LSD's impact on the brain revealed in groundbreaking images
Marlene Breverman stashed this in Your brain on drugs
First modern scans of people high on psychedelic drug has given researchers unprecedented insight into neural basis for its effects
With his colleague Robin Carhart-Harris, Nutt invited 20 physically and mentally healthy volunteers to attend a clinic on two separate days. One day they received an injection of 75mcg of LSD and on the other they received a placebo instead.
Using three different brain imaging techniques, named arterial spin labelling, resting state MRI and magnetoencephalography, the scientists measured blood flow, functional connections within and between brain networks, and brainwaves in the volunteers on and off the drug.
Carhart-Harris said that on LSD, scans suggested volunteers were “seeing with their eyes shut”, though the images they reported were from their imaginations rather than the world outside. “We saw many more areas of the brain than normal were contributing to visual processing under LSD, even though volunteers’ eyes were closed,” he said. The more prominent the effect, the more intense people rated their dreamlike visions.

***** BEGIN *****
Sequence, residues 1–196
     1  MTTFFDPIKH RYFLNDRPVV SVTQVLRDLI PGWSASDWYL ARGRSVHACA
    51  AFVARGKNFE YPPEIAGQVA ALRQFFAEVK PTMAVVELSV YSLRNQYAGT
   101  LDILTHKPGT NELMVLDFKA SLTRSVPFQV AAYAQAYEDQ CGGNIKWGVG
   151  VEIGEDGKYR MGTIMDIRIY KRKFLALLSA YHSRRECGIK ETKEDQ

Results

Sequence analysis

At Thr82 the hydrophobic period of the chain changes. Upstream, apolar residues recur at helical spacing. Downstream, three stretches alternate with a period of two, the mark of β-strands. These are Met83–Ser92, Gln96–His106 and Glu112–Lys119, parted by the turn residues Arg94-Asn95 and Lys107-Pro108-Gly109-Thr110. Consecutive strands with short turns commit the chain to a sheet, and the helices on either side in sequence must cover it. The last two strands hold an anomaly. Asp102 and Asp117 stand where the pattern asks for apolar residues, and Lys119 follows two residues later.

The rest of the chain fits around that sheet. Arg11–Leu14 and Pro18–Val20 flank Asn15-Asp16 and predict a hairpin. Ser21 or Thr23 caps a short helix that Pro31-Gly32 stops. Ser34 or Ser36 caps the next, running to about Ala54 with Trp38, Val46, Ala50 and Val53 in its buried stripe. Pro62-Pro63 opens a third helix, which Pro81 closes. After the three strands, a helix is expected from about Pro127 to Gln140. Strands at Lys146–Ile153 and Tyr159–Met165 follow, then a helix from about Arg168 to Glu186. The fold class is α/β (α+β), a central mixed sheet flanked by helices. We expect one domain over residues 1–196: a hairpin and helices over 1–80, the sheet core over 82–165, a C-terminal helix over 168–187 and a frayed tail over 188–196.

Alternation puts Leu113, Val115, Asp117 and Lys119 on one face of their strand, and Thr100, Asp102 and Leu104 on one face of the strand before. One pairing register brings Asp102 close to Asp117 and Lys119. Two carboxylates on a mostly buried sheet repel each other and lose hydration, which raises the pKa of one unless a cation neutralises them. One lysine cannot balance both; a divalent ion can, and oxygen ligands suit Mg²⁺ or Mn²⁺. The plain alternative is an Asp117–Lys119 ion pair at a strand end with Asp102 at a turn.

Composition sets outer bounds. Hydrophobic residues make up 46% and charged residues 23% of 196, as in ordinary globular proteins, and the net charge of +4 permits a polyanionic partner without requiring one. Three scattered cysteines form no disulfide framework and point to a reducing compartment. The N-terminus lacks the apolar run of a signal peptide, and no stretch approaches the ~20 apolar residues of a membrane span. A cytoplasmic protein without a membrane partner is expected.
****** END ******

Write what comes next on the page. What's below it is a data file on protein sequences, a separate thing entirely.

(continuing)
Under the influence, brain networks that deal with vision, attention, movement and hearing became far more connected, leading to what looked like a “more unified brain”, he said. But at the same time, other networks broke down. Scans revealed a loss of connections between part of the brain called the parahippocampus and another region known as the retrosplenial cortex.
So LSD is good for some connections and bad for others?